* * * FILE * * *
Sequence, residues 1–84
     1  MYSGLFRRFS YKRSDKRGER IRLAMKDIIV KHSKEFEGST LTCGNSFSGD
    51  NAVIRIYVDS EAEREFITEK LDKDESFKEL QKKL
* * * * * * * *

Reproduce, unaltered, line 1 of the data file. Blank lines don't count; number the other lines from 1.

Sequence, residues 1–84